One of the key themes I come back to at The Whiskey Porch is "seasonal living". It's an aspect of a Simple Lifestyle that adds texture, and color, and variety, and a natural flow to things.
When we talk about living with the seasons, what does that really mean?
To me, it's simply shifting your lifestyle with the seasons. Doing different things in different spaces, as the seasons progress through the year.
Focusing on the connection to the landscape and the outdoors is just as important as the creature comforts and floorplan that you incorporate into your home design. So, the interior isn't entirely separate from the outdoors and the landscape that your home sits on.
By creating this connection intentionally, we craft a direct link between our daily activities and the cycle of the earth.
And. We can greatly expand the amount of living space available to us.
Let me explain.
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A front porch of course serves as a year-round refuge from weather and is a transitional space from the parking or walkway into the home.
It is typically only enclosed on one side (the exterior wall of the house that it connects to) but sometimes it might be enclosed on two or even three sides.
Because this porch functions as your main foyer essentially, it often tends to be styled in a more formal manner. And can feel very much like a literal living room with lighting and furniture and tables.
Almost one hundred years later, we renovated the old house and tore off the enclosures and exposed the original porch. It is now literally our favorite spot to take a break on the entire property.
Covered Back porch
A covered back porch will typically be a less formal space than the front porch. A little more utilitarian in that it can functionally year-round as a "mud-room" for the comings and goings of your family.
In our case we have incorporated a small cabinet to tuck away various odds and ends, we have hooks for outdoor gear and hats, or wet umbrellas. There's a sturdy bench for sipping tea in the morning in a private outdoor spot, or more often for taking off muddy shoes etc. And we have a small gas grill tucked into the corner which allows us to throw things on the grill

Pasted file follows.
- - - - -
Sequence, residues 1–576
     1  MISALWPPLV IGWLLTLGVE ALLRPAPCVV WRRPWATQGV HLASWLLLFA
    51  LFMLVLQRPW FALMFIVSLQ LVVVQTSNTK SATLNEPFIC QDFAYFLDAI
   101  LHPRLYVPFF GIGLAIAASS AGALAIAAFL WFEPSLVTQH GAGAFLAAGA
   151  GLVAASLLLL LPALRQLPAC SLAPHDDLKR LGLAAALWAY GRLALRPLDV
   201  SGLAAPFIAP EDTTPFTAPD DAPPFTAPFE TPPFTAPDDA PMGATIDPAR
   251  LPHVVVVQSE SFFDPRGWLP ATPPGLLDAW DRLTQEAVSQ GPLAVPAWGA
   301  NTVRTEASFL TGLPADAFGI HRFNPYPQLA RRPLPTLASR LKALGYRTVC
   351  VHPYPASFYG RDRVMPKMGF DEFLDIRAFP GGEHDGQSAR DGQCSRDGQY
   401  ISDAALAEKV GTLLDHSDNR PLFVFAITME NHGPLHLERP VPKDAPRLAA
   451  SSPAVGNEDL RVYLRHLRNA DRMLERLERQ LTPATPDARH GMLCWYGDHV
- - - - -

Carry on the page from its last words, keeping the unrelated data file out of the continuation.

So this is a functional space, but still a beautiful outdoor room that is both a part of the house and a part of the garden. There are 4 wide steps that lead down to the back patio area and gardens.
Covered Patio or gazebo
Often I see gazebos that have roofs that are so high up or small that they almost don't provide much refuge at all from rain or snow - or worse, the south sun on a hot day.
In our case, we built a pretty large but casual cover over an existing (very old) concrete patio. It anchors our garden, and sits almost in the middle of our property. Because we are surrounded by many huge alligator juniper trees, this structure also gives us respite from the juniper berries that drop in late summer. We crafted the roof with a slope that is lower on the south side so as to provide more shade, and also a sense of enclosure. We've got some basic electrical and lighting, as well as lots of seating and an enormous custom table made from alligator juniper.
We use the gazebo as a literal passage way between the main house and a carriage house on the back of our property, and have often spent hours out here even during our crazy monsoon storms. It's a wonderful warm season living space as well as a year-round transitional space that makes the property more functional.
In our case we have a paver patio that connects our covered gazebo space to the walkway for the carriage house in back. Since we are back and forth constantly, we have paving between the two buildings now and it really pulls everything together. Plus, happily, this almost eliminates the mud and dirt being tracked inside.
We have chairs out on this patio for those days when we crave some sun or need to accommodate more guests.
On the other side of the house we created a patio area by adding decomposed granite and edging which connects the front entry and porch to the back garden and patios. It's a more casual look which is a great compromise for a more rustic setting that doesn't get constant traffic.
If you have very utilitarian garden spaces, it's understandable to want to put that further away or out of sight, but be sure that access and functionality isn't hindered by that distance or separation.
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Hey there. I'm Miriam ~ and I've been doing this my whole life. It's my passion.
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